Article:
That’s not to say that everything they do is imitation, it’s just that they do it so well. On La Cucaracha, closing track “Your Party,” (which features the saxophone of David Sanborn – a fan of the band, believe it or not,) elicits the vibe of smooth early 80s pop, the kind of stuff that was soaked in coke that Bryan Ferry was so good at doing, while “Sweetheart in the Summer” sounds a bit like Nick Lowe’s brand of rootsy country-rock.

And often it’s just taking on a genre in particular – sludgy reggae in “The Fruit Man,” good ol’ country, a genre they spent an entire album exploring (1996’s 12 Golden Country Greats,) with “Learnin’ to Love,” and most surprising and entertainingly on this album, the electro-disco of “Friends,” with its ambiguously gay “let’s be more than just friends” message that is, frankly, almost entirely due to the music itself. (Not that there’s anything wrong with that, you know.) “Blue Balloon,” bouncy and dreamy at the same time, bears those odd, helium-influenced vocals that marked early Ween tunes, and calls for repeated listens. It doesn’t sound like anyone or anything other than Ween – and that’s just fine.

If there’s a complaint to be issued, it’s almost solely aimed at “Woman and Man,” a meandering 11 minute Santana-esque jam that simply goes nowhere once the 3 minute mark is breached. That might be the point, that jam-band music goes nowhere. I’m not sure – all I know is that I simply don’t want to sit through this too many times. It’s just too punishingly boring to sit through to discover the hidden nugget of truth that, I hope, is buried somewhere in the song’s meaning.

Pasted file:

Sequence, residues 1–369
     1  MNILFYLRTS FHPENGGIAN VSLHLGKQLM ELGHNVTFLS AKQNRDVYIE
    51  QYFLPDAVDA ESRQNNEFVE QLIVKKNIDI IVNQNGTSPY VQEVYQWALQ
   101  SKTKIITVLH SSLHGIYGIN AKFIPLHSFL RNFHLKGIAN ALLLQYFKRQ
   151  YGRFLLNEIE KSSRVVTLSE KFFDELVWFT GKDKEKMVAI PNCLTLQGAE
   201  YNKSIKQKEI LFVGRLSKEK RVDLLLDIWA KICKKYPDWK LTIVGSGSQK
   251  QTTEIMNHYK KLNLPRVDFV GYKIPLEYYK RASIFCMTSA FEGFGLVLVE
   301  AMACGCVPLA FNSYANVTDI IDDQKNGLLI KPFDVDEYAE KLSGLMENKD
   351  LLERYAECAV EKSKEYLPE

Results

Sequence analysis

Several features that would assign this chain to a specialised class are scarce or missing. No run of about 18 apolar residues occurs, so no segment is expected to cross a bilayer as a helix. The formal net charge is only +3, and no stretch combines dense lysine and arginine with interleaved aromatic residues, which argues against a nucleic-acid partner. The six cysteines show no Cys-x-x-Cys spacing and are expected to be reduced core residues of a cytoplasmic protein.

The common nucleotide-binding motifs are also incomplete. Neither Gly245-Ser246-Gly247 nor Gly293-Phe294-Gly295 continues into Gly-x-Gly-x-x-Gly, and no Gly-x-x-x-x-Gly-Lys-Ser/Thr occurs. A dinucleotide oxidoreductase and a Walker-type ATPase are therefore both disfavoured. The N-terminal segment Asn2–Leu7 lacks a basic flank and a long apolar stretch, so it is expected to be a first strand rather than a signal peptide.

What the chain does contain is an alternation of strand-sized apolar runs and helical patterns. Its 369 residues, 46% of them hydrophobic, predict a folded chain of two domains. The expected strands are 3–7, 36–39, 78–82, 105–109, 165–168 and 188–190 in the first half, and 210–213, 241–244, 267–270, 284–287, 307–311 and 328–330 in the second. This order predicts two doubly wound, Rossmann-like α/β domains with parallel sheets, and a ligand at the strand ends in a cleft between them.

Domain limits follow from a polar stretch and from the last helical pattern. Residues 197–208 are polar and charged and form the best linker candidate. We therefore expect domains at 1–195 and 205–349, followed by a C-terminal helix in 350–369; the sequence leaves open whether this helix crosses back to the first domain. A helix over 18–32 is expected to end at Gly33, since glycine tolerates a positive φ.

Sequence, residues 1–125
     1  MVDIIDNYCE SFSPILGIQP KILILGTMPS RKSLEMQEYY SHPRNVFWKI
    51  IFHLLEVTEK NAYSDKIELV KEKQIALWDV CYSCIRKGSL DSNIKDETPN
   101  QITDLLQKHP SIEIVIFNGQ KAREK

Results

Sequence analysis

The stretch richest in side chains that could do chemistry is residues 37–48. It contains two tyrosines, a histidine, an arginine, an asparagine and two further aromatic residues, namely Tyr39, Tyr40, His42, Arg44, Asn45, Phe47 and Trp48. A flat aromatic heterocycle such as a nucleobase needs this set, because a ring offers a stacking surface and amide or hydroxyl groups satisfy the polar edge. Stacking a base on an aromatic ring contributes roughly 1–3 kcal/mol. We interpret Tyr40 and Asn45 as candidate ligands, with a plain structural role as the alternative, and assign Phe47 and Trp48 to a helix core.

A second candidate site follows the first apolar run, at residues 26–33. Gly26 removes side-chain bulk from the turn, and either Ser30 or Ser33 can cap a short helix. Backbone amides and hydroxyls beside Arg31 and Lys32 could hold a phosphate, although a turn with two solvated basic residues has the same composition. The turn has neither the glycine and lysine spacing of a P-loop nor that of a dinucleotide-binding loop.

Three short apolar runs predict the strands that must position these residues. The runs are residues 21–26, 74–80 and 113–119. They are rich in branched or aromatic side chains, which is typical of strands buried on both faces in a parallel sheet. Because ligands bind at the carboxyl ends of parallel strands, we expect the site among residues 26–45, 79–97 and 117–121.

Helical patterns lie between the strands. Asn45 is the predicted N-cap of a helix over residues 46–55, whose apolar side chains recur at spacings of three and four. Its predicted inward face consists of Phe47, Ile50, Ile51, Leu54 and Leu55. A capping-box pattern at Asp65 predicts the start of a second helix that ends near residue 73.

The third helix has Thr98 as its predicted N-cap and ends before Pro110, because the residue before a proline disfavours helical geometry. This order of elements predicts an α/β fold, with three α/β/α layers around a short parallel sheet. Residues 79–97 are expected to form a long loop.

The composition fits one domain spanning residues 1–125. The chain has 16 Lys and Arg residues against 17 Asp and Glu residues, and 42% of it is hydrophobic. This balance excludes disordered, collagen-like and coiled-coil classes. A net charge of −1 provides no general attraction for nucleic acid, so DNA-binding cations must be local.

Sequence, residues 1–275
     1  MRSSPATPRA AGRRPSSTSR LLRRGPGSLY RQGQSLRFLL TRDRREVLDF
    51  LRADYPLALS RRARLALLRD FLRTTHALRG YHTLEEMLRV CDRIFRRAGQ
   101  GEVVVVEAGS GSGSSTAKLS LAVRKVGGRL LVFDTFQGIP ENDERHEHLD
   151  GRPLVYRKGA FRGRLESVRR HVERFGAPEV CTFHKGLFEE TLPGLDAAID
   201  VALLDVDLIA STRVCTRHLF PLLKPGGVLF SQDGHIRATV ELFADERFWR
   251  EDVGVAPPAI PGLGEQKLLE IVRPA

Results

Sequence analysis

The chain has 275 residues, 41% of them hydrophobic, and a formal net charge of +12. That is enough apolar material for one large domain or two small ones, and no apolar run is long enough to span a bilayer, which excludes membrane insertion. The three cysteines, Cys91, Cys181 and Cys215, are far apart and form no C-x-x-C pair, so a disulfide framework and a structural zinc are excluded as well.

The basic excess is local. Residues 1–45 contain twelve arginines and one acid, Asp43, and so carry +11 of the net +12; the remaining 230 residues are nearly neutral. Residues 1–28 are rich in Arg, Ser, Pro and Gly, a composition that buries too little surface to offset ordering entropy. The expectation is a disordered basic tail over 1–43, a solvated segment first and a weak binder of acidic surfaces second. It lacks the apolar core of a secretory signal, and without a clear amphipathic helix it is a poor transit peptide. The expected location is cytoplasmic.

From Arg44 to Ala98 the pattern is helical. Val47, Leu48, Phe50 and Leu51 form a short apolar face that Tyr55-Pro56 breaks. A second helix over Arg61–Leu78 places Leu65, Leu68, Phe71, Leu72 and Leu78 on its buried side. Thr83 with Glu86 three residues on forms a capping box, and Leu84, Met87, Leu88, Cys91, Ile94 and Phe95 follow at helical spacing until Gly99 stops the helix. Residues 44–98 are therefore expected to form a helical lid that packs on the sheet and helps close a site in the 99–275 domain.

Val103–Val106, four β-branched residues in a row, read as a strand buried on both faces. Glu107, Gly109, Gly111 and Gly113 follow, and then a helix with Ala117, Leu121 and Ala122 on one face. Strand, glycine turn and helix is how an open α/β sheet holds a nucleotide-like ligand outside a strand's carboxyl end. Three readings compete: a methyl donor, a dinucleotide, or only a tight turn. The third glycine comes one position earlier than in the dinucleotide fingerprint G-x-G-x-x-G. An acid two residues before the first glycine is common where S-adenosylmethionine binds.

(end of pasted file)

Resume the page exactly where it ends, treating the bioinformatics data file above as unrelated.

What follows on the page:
As usual, there are a couple of real surprises in store. Quebec had the beautiful “Chocolate Town” and the Pink Floydian “Transdermal Celebration”; White Pepper boasted the odd mid-tempo ballad “Stay Forever” and the gentle “She’s Your Baby.” La Cucaracha is no different, except that the attitude has changed – it’s not slower, gentler songs alone being used to showcase the band’s strengths.

The first surprise opens the album: “Fiesta,” with its bright, blasting mariachi horns, is the kind of high energy, boozy party theme that could land the band more attention than ever before – it sounds like nothing Ween has ever done before. In fact, Dean Ween told the UK magazine Bizarre that they hope that Taco Bell picks it up for use in commercials. Sadly, it’s too much fun to ruin like that.

But it’s “Lullaby” that might surprise the most – the title doesn’t lie, and the song isn’t a joke. Every once in a while, the guys from Ween sober up and do something actually serious, and this is when it’s absolutely impossible to deny that these are talented musicians. “Lullaby” could nearly pass for – and I prepare to duck as I write this – Tears For Fears. Pretty and delicate, all piano, strings, and harp, it’s an actual moment of legitimate beauty from this band of known for often employing juvenile humor. It stands in stark contrast to so much else Ween does, but just adds to the reasons fans can use to refute attacks on their favorite band. Hopefully it gives someone other than the die-hards a reason to pick this one up, too.